Faux brick panels are solid pieces of material designed to look like real stone or brick. These panels are typically thin and lightweight, so that they may be placed over existing home building materials, such as siding and drywall. They may be installed by professional contractors or by the homeowner personally.
The panels are made from polyurethane, a substance commonly used in the manufacturing of flexible and rigid types of foam, and also many forms of sealant. This material is both hard and lightweight, making it ideal for use inside and outside of the home. The rough exterior of faux brick panels can withstand heavy weathering elements and hard contact with different implements that may be found around the home, like a weed whacker or lawn mower. Their composite nature also makes them naturally insulating, so that they may be used over existing wood or exterior siding.
Common finishes for faux brick panels include stacked stone, river rock, slate, and natural brick. The coloring of these panels is designed to repel UV rays and maintain their color without fading for many years. Each finish is suitable for use as siding, interior decoration, or as a decorative surround for a fireplace. These panels have passed fire safety inspections and can withstand a high degree of heat. The interior of the fireplace, however, should be constructed from fire resistant materials and not from fake paneling.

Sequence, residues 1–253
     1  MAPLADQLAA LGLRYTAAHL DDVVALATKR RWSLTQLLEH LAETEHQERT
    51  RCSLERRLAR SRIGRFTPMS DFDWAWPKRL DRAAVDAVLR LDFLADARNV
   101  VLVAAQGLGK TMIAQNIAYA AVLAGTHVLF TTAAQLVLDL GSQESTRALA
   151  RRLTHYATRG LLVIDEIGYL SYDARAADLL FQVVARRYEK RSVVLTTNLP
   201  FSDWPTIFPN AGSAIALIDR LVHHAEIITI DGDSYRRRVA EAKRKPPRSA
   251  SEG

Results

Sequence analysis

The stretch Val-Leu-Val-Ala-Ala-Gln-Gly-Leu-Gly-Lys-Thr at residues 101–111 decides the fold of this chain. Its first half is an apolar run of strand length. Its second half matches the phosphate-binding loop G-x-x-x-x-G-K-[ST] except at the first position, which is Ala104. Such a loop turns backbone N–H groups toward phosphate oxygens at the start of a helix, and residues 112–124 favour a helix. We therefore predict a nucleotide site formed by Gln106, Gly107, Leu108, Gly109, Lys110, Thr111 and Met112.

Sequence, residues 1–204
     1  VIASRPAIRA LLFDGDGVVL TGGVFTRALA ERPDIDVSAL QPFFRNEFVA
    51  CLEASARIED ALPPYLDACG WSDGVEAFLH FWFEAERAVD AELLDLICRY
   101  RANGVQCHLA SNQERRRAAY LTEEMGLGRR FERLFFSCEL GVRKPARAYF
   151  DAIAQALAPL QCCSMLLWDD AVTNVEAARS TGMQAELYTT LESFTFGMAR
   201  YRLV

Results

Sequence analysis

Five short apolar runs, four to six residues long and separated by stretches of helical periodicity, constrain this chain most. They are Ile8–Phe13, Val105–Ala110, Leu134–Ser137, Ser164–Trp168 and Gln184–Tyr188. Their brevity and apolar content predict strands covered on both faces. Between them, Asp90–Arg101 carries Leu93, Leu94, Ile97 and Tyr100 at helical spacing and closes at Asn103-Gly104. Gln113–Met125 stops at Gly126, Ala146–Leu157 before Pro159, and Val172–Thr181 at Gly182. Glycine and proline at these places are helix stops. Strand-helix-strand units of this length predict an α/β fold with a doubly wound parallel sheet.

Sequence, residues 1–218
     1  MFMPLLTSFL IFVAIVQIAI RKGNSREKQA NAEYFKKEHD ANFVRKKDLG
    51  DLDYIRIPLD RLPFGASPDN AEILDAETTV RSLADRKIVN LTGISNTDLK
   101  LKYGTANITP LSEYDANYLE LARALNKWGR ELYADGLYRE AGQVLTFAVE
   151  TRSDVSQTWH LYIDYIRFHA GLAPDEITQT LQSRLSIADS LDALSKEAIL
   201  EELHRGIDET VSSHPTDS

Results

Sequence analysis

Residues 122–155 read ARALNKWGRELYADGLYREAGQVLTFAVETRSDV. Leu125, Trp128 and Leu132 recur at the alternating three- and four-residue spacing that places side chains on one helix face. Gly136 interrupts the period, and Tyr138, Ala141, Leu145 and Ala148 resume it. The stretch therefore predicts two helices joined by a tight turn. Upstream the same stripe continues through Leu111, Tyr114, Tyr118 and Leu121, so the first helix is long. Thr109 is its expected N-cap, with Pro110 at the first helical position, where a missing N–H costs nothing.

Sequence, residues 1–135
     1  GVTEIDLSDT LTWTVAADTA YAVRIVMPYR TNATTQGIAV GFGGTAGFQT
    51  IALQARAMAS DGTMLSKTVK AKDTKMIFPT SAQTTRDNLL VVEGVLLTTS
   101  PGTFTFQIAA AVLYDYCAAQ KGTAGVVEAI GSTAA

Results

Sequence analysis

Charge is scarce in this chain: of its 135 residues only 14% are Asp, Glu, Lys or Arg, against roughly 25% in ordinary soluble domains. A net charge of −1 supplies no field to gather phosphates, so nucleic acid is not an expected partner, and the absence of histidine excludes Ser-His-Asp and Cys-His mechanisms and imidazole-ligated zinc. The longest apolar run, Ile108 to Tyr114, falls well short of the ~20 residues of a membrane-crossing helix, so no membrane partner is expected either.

Faux brick panels are relatively easy to install and small projects can be completed in one to two days. Each panel is designed to be interlocking, so that they fit together across the project area like puzzle pieces. The panels may be cut with a heavy duty utility knife so that they can be fit to the appropriate size required by the finished area. Homeowners may wish to stagger the seams of the panels as they lay additional rows to maintain the uneven and lifelike appearance of the rock or brick.
When installed on the exterior of the home, faux brick panels should be locked together tightly to prevent water or moisture from seeping between the paneling and any existing siding. Panels may be slightly overlapped during installation to create a tight seal across the surface of the project. Some paneling designed for use specifically on siding is constructed with small drainage holes present throughout the material. This allows for trapped water and moisture to escape so that mold does not grow against the house.